22. Deema, P., E. Thompson, u. G. W. Ware: Metabolism, storage, and excretion of endosulfan-l4C in the mouse. J. Econ. Entomol. 59, 546 (1966).PubMedGoogle Scholar
  23. Dorough, H. W., N. C. Leeling, u. J. E. Casida: Nonhydrolytic pathway in metabolism of N-methylcarbamate insecticides. Science 140, 170 (1963).PubMedCrossRefGoogle Scholar
  24. Dorough, H. W., u. J. E. Casida: Nature of certain carbamate metabolites of the insecticide Sevin. J. Agr. Food Chem. 12, 294 (1964).CrossRefGoogle Scholar
  25. Ernst, W.: Umwandlung und Ausscheidung von 2-Hydroxydiphenyl bei der Ratte. Arzneimittel-Forsch. 15, 632 (1965).Google Scholar
  26. Ernst, W., u. F. Bär: Die Umwandlung des 2,4-Dinitro-6-sec.-butylphenols und seiner Ester im tierischen Organismus. Arzneimittel-Forsch. 14, 81 (1964).Google Scholar
  27. Ernst, W., u. C. Böhme: Über den Stoffwechsel von Harnstoff-Herbiciden in der Ratte. 1. Mitteilung. Monuron und Aresin. Food, Cosmetic, Toxicol. J. 3, 789 (1965).CrossRefGoogle Scholar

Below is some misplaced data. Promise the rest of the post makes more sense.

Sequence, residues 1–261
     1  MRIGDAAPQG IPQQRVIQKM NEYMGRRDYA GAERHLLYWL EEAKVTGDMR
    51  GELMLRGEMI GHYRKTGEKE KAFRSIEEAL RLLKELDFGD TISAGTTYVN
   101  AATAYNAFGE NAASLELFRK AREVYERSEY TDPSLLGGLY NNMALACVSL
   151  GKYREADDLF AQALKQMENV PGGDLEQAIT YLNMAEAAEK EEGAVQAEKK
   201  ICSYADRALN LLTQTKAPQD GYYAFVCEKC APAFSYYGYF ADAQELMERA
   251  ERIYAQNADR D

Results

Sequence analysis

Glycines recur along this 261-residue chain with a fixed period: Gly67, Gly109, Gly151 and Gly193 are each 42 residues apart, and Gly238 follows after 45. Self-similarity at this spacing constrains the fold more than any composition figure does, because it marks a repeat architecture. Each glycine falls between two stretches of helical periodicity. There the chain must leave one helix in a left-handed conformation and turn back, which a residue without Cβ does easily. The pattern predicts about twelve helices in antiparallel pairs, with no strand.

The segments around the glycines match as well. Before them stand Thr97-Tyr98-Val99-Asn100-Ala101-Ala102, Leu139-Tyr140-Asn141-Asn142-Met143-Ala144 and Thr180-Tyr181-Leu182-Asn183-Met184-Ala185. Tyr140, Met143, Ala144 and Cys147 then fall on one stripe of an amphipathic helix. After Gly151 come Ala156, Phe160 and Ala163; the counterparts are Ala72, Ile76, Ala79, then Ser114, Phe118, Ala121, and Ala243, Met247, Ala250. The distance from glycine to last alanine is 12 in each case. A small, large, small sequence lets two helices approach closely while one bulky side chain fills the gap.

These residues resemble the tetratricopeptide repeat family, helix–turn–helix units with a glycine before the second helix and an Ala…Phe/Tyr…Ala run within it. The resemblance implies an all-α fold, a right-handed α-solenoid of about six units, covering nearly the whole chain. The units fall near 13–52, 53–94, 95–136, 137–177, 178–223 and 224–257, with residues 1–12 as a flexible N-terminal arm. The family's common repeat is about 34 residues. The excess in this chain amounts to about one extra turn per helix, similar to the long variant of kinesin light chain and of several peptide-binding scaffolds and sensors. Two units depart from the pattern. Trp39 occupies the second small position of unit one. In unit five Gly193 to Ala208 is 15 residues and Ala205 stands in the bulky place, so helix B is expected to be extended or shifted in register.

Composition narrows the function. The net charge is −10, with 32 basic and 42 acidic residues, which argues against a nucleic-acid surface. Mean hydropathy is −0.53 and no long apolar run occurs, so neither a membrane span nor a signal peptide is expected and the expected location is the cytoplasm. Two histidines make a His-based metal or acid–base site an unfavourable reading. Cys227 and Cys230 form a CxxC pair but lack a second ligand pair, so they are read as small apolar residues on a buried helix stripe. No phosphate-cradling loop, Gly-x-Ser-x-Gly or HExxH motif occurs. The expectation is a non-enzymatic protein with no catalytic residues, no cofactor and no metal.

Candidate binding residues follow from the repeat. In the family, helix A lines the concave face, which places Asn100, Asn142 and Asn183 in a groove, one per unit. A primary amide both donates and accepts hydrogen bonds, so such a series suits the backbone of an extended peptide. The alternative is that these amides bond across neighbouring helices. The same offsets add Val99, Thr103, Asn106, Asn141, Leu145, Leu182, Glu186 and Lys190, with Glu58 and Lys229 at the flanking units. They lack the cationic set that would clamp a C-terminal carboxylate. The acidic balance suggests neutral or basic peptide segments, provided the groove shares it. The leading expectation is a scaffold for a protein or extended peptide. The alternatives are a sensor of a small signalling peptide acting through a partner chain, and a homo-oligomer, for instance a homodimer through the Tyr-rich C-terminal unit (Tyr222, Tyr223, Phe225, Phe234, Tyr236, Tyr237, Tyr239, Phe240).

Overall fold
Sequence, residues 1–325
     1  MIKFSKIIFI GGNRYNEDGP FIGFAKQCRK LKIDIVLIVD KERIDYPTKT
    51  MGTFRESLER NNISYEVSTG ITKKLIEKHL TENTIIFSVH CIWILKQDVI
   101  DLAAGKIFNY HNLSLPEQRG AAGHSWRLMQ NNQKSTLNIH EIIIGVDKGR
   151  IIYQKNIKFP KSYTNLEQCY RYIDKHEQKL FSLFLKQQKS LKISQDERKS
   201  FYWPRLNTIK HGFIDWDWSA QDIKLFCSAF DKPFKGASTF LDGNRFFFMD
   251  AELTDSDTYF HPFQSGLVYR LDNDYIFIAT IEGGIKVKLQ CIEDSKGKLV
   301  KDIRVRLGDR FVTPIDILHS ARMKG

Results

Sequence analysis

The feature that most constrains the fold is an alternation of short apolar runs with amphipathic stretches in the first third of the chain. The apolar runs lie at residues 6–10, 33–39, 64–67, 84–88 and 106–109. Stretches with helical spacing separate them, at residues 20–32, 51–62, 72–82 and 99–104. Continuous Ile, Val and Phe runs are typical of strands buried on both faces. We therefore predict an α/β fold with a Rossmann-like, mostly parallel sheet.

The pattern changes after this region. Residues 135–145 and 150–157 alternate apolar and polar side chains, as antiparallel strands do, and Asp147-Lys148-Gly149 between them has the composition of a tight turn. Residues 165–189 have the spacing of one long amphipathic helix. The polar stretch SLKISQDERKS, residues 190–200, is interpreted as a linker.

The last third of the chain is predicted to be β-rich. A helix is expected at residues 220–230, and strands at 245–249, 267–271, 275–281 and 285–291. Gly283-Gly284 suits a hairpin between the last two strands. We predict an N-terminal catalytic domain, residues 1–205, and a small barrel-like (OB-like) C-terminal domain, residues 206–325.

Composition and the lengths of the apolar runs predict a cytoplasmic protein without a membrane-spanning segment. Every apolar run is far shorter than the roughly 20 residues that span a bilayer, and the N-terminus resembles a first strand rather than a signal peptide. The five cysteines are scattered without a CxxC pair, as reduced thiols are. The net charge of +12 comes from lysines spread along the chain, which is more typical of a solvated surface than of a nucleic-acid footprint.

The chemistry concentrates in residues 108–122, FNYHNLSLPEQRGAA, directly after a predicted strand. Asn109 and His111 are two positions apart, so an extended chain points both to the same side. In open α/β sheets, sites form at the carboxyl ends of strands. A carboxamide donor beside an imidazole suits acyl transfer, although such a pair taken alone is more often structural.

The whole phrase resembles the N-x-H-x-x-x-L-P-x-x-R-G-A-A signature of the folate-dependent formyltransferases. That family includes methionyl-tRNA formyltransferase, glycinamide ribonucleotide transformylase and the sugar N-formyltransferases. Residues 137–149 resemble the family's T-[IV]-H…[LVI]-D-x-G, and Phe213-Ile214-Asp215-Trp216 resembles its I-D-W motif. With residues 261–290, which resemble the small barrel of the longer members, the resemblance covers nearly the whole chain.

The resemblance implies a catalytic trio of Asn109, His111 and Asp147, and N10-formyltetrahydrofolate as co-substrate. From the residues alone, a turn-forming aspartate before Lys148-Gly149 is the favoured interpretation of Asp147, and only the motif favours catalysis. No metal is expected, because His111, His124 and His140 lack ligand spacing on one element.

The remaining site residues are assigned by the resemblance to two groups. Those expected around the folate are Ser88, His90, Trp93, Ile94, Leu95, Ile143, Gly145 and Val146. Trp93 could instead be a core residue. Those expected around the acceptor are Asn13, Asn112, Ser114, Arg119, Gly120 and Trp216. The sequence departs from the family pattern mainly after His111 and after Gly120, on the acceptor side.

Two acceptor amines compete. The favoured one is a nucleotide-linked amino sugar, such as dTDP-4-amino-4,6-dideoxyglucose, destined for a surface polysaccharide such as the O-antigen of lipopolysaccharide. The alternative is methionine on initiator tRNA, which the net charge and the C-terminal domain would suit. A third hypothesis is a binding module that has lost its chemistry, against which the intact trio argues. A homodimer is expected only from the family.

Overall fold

28. Esser, H. O., u. P. W. Müller: Metabolism of GS 13005, a new insecticide. Experienta 22, 36 (1966).CrossRefGoogle Scholar
  29. Fang, S. G, M. George, u. T. C. Yu: Metabolism of 3-amino-l,2,4-triazole-14C by rats. J. Agr. Food Chem. 12, 219 (1964).CrossRefGoogle Scholar
  30. Fao-Who Report: Evaluation of the toxicity of pesticide residues in food. Report of a joint meeting of the FAO Committee on Pesticides in Agriculture and the WHO Expert Committee on Pesticide Residues. Geneva 30 Sept.-7 Oct. 1963.Google Scholar
  31. Fingerhut, M., B. Schmidt, u. K. Lang: Über den Stoffwechsel der l-14C-Sorbin- säure. Biochem. Z. 336, 118 (1962).Google Scholar
  32. Fukuto, T. R., R. L. Metcalf, R. B. March, u. M. G. Maxon: Chemical behavior of Systox isomers in biological systems. J. Econ. Entomol. 48, 347 (1955).Google Scholar
  33. Funckes, A. J., G. R. Hayes. Jr., u. W. V. Harwell: Urinary excretion of paranitrophenol by volunteers following dermal exposure to parathion at different ambient temperatures. J. Agr. Food Chem. 11, 455 (1963).CrossRefGoogle Scholar
  34. Gaines, T. B.: The acute toxicity of pesticides to rats. Toxicol. Applied Pharmacol. 2 88 (1960).CrossRefGoogle Scholar
  35. Gardocki, J. F., u. L. W. Hazleton: Urinary excretion of the metabolic products of parathion following its intravenous injection. J. Amer. Pharm. Assoc. 40, 491 (1951).CrossRefGoogle Scholar
  36. Ghazal, A., W. Koransky, J. Portig, H. W. Vohland, u. J. Klempau: Beschleunigung von Entgiftungsreaktionen durch verschiedene Insecticide. Naunyn-Schmiedeberg’s Arch. expt. Pathol, u. Pharmakol. 249, 1 (1964).Google Scholar